Tim Harford tells the big story behind the way dynamos made electricity useful.
You might think electricity had an immediate and transformative impact on economic productivity. But you would be wrong. Thirty years after the invention of the useable light bulb, almost all American factories still relied on steam. Factory owners simply couldn’t see the advantage of electric power when their steam systems – in which they had invested a great deal of capital – worked just fine. Simply replacing a steam engine with an electric dynamo did little to improve efficiency. But the thing about a revolutionary technology is that it changes everything. And changing everything takes imagination. Instead of replacing their steam engines with electric dynamos, company bosses needed to re-design the whole factory. Only then would electric power leave steam behind. As Tim Harford explains, the same lag has applied to subsequent technological leaps – including computers. That revolution might be just beginning.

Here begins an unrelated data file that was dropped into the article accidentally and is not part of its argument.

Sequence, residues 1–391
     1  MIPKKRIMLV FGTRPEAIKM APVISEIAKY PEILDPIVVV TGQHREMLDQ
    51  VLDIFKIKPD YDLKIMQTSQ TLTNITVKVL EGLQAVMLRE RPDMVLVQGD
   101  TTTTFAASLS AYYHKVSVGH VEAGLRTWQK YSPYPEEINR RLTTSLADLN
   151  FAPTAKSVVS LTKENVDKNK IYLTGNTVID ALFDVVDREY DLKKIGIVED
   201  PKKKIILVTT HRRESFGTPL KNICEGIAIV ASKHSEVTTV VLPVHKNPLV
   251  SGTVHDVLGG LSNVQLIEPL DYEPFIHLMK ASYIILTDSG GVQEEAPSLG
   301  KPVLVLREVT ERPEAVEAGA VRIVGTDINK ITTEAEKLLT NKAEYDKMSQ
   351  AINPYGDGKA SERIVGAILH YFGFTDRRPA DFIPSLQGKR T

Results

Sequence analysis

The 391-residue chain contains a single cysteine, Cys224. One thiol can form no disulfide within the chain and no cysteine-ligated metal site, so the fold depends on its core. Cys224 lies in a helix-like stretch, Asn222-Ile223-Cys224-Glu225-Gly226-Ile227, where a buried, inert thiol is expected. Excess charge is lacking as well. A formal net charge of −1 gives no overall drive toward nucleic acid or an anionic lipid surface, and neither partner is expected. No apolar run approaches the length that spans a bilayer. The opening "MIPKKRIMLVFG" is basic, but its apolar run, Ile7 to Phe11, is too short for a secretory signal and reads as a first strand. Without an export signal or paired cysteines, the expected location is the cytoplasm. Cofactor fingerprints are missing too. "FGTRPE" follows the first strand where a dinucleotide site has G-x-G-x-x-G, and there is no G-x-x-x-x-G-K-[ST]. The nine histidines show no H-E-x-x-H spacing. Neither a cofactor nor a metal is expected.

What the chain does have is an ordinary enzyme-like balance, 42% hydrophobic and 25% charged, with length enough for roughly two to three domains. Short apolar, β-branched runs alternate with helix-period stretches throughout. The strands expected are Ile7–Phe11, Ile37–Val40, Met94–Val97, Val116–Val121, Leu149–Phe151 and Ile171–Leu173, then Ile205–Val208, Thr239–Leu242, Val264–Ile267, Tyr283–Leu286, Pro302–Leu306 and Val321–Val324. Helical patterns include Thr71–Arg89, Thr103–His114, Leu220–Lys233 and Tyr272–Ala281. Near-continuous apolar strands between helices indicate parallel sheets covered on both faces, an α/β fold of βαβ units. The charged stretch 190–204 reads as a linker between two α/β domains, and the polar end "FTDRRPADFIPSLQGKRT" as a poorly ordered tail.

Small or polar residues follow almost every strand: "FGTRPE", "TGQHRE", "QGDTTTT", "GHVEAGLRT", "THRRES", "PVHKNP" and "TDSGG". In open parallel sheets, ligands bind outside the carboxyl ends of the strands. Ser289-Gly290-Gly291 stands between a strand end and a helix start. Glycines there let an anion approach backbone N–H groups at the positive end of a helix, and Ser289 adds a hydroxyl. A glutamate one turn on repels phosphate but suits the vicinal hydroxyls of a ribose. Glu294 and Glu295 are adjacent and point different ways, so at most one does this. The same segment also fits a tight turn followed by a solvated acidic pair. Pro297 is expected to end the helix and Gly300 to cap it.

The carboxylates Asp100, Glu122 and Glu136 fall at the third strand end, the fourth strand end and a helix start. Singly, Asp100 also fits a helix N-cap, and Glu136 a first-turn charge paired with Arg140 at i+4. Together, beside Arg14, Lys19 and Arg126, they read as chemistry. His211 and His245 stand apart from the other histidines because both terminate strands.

Producer: Ben Crighton
Editors: Richard Knight and Richard Vadon
(Image: Dynamo AC exciter Siemens, Credit: Igor Golovniov/Shutterstock)
Sources and related links
Robert M. Solow - 'We'd better watch out' New York Times Book Review, 12 July 1987
Robert Gordon - The Rise and Fall of American Growth (Oxford: Princeton University Press) 2016 p546-7
Paul A. David - The Computer and the dynamo: An historical perspective American Economic Review, May 1990
Paul A. David and Mark Thomas - The economic future in historical perspective OUP/British Academy, February 2006
Erik Brynjolfsoon and Lorin M. Hitt - Beyond Computation: Information technology, organizational transformation and business performance Journal of Economic Perspectives, Fall 2000
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